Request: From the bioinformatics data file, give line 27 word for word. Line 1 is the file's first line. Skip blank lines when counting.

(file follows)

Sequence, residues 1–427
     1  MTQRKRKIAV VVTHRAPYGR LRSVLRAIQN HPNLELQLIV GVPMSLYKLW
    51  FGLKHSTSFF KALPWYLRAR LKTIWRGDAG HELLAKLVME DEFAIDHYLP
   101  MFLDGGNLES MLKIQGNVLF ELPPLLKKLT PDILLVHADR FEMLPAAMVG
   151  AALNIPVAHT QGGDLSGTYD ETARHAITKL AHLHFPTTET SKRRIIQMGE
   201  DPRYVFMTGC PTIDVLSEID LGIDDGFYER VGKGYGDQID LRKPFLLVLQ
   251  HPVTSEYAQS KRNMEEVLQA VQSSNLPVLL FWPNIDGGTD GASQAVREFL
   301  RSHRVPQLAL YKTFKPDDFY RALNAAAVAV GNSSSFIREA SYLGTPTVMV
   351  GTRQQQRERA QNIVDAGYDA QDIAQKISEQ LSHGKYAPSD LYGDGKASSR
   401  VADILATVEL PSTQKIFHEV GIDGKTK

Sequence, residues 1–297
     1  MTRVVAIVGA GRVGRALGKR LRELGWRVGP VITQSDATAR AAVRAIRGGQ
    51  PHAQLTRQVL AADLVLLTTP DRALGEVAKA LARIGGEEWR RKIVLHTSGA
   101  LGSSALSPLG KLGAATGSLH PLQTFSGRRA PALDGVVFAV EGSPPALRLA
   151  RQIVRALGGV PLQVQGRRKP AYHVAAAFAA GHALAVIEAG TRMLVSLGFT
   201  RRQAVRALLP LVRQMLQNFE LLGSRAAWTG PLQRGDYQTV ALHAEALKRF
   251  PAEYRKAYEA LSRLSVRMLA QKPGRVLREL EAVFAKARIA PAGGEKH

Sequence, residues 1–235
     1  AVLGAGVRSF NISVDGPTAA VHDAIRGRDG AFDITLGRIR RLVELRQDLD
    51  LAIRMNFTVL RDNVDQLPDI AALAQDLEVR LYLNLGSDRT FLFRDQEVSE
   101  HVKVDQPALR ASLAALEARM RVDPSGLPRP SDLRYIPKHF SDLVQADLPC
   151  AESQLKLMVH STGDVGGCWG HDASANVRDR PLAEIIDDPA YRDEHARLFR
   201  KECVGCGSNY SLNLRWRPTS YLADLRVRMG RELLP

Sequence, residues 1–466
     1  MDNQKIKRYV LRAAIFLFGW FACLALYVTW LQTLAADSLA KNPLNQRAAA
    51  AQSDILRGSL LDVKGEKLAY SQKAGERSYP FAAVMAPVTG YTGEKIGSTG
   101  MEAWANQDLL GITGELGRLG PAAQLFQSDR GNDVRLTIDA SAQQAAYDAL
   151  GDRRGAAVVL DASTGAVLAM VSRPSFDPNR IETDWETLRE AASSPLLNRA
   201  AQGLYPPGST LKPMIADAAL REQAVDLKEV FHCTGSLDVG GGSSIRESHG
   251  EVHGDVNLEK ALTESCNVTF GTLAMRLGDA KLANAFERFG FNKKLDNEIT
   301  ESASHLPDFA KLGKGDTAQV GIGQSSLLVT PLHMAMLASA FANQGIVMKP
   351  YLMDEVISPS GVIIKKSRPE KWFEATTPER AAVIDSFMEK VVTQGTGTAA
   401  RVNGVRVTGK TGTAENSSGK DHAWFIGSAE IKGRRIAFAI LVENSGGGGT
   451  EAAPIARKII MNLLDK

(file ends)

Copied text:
   101  MEAWANQDLL GITGELGRLG PAAQLFQSDR GNDVRLTIDA SAQQAAYDAL